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Théories implicites et excès de confiance : une expérience de terrain

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  • Bertrand Koebel
  • André Schmitt
  • Sandrine Spaeter

Abstract

The way individuals perceive their intelligence plays an important role on people?s motivation, achievement and self-assessment accuracy as shown by Carol Dweck?s life-long research. In behavioral economics, overconfidence is shown to play an important role in individual?s preferences and choices. In this paper, we conducted a field experiment to investigate whether self-theories impact overconfidence. Early career Vietnamese executives pursuing an MBA were incentivized. Our sample of managers and professionals controls for a wide range of corporate and demographic variables. The main result of our paper is that self-theories impact overconfidence when taking into account income. As in previous studies, we also find that subjects exhibit significant absolute overconfidence. Gender does not have any impact on overconfidence. We also tested the relationships between self-theories and risk taking. Classification JEL : C93, D81.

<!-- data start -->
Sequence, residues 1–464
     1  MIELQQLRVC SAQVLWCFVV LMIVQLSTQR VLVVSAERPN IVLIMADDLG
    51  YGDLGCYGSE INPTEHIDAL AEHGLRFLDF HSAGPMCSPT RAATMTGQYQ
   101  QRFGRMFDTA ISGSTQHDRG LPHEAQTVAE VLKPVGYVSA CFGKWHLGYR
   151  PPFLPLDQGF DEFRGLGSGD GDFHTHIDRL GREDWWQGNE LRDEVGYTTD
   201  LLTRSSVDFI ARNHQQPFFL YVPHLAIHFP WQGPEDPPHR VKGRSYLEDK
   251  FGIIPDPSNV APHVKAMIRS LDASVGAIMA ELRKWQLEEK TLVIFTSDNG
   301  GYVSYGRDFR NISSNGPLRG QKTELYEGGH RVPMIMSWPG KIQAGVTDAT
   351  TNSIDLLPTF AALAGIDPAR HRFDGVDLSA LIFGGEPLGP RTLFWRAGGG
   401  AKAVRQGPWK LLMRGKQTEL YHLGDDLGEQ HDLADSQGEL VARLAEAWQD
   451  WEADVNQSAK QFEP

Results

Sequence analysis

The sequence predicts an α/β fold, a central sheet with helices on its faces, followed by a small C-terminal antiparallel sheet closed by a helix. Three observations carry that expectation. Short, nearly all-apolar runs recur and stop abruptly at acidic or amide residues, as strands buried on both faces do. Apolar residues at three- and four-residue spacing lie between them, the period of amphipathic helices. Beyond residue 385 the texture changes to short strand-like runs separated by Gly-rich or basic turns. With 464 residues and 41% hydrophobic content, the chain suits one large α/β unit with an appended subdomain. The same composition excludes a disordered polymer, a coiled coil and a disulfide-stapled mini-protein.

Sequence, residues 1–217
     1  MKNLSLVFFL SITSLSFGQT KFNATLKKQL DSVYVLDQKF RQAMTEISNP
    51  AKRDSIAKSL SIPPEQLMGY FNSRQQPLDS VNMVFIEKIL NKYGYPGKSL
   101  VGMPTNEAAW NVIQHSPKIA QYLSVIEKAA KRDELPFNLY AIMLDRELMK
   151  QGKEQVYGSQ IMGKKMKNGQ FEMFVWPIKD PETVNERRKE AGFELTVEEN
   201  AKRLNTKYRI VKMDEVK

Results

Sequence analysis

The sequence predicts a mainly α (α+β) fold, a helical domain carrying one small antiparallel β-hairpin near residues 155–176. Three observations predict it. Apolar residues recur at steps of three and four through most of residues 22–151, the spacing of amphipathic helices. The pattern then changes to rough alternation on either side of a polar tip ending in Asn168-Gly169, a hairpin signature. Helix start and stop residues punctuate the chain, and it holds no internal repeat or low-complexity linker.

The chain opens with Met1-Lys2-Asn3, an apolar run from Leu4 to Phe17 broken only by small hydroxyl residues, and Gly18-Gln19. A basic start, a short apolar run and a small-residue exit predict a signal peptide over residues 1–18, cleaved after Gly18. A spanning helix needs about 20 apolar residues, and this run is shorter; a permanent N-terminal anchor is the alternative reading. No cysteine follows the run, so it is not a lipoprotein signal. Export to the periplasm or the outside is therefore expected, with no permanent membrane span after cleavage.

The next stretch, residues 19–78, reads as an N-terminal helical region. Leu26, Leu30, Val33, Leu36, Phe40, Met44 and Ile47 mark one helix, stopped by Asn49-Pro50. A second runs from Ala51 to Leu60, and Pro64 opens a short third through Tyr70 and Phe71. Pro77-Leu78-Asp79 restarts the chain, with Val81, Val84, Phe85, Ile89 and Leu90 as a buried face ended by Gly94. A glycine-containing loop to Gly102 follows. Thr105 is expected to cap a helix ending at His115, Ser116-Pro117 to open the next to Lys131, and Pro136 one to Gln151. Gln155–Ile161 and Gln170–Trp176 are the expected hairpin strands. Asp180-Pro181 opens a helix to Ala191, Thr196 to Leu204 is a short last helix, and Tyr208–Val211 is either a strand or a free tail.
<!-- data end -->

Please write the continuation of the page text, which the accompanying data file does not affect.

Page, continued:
Suggested Citation

  • Bertrand Koebel & André Schmitt & Sandrine Spaeter, 2016. "Théories implicites et excès de confiance : une expérience de terrain," Revue économique, Presses de Sciences-Po, vol. 67(5), pages 977-1006.
  • Handle: RePEc:cai:recosp:reco_675_0977
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    JEL classification:

    • C93 - Mathematical and Quantitative Methods - - Design of Experiments - - - Field Experiments
    • D81 - Microeconomics - - Information, Knowledge, and Uncertainty - - - Criteria for Decision-Making under Risk and Uncertainty

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